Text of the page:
Hearing loss affects our clients in different ways

Hearing loss compromises a person’s ability to hear and communicate, impacting their social participation, personal relationships and emotional well-being.

Over the last few years, we have explored the social challenges and emotional distress experienced with hearing loss to understand how people living with hearing loss and their support network cope and what they do to manage the challenges of hearing loss.  

We included the perspectives of people with hearing loss and their family members or friends.  When describing the social impacts of hearing loss, they reported experiencing social overwhelm, fatigue, loss, and exclusion.  They described how hearing loss has impacted their identity and how they perceive themselves and are perceived by others.  They expressed their emotional distress as feelings of frustration, grief, anxiety, loneliness, and burdensomeness.  

Many participants described a lack of effective coping strategies for certain situations and tended to rely on avoidance of social interaction, deepening their isolation and loneliness. The evidence shows that effective coping strategies directly contribute to social connection and feelings of emotional fulfilment.

Coping is an active, purposeful process that includes behavioural, emotional, and cognitive attempts to manage the demands imposed by a stressor.


Coping strategies heavily influence how we experience hearing loss and the subsequent social and emotional challenges relating to hearing loss.

Coping strategies that appeared to provide positive outcomes included:  

  • Helpful avoidance strategies describe selectively choosing to remove one’s self from a difficult situation without compromising engagement and participation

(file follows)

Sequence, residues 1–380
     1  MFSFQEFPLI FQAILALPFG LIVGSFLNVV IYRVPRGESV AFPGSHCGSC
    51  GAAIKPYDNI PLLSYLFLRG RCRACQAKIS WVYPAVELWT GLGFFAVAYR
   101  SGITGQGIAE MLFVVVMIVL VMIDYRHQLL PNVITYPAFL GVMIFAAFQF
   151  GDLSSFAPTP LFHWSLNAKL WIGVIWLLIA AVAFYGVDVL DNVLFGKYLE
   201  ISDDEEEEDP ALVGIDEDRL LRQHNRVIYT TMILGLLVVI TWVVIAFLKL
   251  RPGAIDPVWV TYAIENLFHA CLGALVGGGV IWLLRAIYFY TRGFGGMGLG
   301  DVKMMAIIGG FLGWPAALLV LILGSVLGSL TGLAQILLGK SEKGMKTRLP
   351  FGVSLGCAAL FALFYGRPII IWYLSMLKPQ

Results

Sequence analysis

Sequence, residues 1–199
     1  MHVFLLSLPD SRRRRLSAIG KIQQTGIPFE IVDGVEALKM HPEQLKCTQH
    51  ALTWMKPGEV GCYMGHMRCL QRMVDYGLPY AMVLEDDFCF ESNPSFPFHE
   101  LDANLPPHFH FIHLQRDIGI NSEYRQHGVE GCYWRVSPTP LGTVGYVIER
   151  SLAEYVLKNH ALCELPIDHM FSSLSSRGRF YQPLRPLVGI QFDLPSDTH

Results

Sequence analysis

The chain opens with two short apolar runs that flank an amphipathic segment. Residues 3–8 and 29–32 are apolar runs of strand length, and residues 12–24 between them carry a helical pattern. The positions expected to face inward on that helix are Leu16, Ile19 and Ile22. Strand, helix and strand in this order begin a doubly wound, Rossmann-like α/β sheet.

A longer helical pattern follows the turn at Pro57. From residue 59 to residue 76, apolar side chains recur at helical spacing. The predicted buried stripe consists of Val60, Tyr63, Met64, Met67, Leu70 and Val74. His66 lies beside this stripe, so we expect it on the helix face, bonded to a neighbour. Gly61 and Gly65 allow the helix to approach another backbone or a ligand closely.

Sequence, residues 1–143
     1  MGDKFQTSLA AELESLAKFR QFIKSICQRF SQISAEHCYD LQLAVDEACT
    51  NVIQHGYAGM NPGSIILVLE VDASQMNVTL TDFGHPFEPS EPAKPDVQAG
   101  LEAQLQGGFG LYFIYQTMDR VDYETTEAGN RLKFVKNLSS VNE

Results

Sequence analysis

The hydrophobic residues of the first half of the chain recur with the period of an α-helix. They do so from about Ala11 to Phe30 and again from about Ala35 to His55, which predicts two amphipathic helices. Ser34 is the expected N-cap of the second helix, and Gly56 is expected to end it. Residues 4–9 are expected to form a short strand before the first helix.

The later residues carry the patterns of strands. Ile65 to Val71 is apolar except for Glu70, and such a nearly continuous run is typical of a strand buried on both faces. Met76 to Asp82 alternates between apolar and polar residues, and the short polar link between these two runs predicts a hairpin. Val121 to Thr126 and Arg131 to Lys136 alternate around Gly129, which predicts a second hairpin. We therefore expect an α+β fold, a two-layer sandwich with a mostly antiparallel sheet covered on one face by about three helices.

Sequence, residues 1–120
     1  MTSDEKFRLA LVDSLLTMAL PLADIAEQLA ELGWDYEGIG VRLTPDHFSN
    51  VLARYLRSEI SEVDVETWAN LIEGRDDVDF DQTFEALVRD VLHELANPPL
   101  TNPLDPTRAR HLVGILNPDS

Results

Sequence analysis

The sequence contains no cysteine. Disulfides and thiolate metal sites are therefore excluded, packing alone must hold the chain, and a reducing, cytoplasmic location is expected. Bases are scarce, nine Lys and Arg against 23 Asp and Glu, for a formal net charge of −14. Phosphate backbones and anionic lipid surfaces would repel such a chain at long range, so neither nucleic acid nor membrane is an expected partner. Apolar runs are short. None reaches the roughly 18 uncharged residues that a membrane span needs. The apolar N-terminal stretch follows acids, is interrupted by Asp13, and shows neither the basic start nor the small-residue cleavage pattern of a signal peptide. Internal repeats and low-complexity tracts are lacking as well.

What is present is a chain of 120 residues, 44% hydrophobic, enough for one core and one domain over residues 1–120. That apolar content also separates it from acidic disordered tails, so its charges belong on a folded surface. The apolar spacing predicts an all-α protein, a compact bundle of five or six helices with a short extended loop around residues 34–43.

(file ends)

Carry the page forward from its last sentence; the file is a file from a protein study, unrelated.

• Controlling the listening environment includes, for example, improving access to sound (turn up the volume), reducing competing noises (turn down the noise or sit away from the noise) and improving visual cues 
  • Humour was described as an effective therapeutic tool supporting successful coping with hearing loss through easing discomfort with an unfavourable situation 
  • Acceptance of their condition 
  • Seeking and accepting support from significant others is essential in understanding and support.  
  • Assertiveness was a common theme, with participants describing being assertive in social situations.  For example, asking for repeats, letting it be known that they had a hearing loss and needed extra support, or calling out bad behaviour from communication partners (such as ridicule or exclusion) to prevent possible emotional distress. 
  • Use of communication repair strategies such as asking others to repeat themselves or slow down their speech was an essential skill for maintaining inclusion. 
  • Use of group support services to improve communication skills, environmental modification skills, hearing device use, and reduce the burden of hearing loss on the individual and their significant other  


Bennett RJ, Saulsman L, Eikelboom RH Olaithe M. (2022). Coping with the social challenges and emotional distress associated with hearing loss: a qualitative investigation using Leventhal’s self-regulation theory.  International Journal of Audiology, 61(5), 353-364.